Review: Gutter Magic #2

After an uneven first issue, Gutter Magic seems to have found its footing. Here, the pacing lets up enough to allow characters to breathe and express their wants and fears naturally rather than through forced exposition. I now have a much better understanding of the main character Cinder than I was afforded in the first issue. Cinder's obsession and his ultimately unattainable goals paint him as a doomed figure. Even in a fantasy world, his ambition to wield magic is revealed to be grounded in little more than petty entitlement.

Gutter Magic continues to borrow heavily from cyberpunk in that it is the story of a downtrodden outsider struggling to gain access to a higher caste of society. And the tools of his struggle are the means with which people alter reality. In this case it's magic, not cyberspace. But those with power aren't going to give up their status or share their tools freely, so Cinder cheats. He steals.

GUTTER MAGIC_02_COVERWriter Rich Douek could easily and lazily make Cinder inherently admirable or right in his pursuit of power. However, the script makes sure we know our protagonist's actions are selfish to a degree that he harms others. Cinder leaves destruction and pain in his wake, and we get the sense that he regrets only some of his actions. As a result, he isn't a wholly sympathetic character, though you can probably appreciate the need to rise above unfortunate and unwanted origins. After an unfortunately brief brush with Gutter Magic's upper class, the Cinder ends this chapter by finally establishing what I believe will be his driving motivation going forward. It's nice that our protagonist is now driven by something other than self interest.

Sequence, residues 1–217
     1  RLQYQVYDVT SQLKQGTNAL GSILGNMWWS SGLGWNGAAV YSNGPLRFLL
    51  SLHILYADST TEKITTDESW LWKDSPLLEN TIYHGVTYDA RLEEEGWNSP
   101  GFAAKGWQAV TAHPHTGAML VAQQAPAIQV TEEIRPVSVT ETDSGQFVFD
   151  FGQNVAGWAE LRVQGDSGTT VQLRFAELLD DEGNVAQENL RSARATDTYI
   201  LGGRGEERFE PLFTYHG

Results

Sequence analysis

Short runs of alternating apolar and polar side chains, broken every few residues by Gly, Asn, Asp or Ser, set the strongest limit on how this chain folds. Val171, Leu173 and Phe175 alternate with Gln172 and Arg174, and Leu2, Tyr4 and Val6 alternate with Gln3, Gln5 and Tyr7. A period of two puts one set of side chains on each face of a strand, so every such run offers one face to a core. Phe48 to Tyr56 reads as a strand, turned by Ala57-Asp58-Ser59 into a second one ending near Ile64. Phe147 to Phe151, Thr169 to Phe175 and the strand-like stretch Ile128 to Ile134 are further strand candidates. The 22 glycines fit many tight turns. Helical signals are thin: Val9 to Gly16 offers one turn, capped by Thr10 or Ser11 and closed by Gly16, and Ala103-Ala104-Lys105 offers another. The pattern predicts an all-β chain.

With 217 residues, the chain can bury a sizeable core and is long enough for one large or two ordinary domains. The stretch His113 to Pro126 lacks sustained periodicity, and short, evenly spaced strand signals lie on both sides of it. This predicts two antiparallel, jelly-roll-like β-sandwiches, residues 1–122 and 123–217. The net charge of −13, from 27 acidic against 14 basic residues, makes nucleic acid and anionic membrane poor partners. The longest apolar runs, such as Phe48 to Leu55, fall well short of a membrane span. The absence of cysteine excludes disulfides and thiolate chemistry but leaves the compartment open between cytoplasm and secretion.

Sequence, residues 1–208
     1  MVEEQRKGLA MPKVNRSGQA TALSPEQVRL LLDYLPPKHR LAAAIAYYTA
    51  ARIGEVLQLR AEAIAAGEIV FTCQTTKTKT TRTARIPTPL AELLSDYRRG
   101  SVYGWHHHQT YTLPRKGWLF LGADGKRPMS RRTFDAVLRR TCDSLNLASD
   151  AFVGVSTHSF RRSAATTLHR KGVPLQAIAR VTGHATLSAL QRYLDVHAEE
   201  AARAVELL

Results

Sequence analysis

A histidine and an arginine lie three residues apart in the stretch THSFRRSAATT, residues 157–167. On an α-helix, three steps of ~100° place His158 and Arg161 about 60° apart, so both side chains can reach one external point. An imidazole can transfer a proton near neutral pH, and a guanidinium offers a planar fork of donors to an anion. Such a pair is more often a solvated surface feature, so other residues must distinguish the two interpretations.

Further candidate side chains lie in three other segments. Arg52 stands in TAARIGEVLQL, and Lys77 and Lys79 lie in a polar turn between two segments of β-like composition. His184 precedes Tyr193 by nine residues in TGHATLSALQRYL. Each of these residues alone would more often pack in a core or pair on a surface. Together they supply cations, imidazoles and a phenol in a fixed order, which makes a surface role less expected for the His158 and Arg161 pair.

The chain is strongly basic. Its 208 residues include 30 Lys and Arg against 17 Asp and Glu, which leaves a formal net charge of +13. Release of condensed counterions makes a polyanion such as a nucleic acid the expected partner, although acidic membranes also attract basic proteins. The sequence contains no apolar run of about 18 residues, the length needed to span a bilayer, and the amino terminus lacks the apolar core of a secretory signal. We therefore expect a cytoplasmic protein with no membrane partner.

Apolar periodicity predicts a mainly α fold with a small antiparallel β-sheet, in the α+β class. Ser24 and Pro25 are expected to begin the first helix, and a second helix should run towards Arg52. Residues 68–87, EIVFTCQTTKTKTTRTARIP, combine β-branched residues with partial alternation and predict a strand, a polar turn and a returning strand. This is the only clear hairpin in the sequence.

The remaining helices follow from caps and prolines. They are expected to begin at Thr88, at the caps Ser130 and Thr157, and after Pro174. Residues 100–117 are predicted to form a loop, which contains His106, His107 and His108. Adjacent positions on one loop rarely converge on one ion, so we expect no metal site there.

The art remains decent and appropriately grungy. Notably, artist Brett Barkley's excessive line use and wildly varying line weight make static scenes appear full of motion. However, faces seem to shift around uncomfortably as Barkley attempts to render expression while remaining on-model. I wouldn't call Gutter Magic's art remarkably ugly, but it isn't especially soothing to the eyes either.

With this issue, I'm on board with whatever Douek and company have planned. I'm concerned about whether or not the plot can delve deeper into its lore without stumbling over its own feet or ignoring character growth. However, I'm all-in-all optimistic for Gutter Magic's future issues.

Score: 3/5

Gutter Magic #2 Writer: Rich Douek Artist: Brett Barkley Colorist: Jules Rivera Publisher: IDW Publishing Price: $3.99 Release Date: 2/10/16 Format: Mini-Series; Print/Digital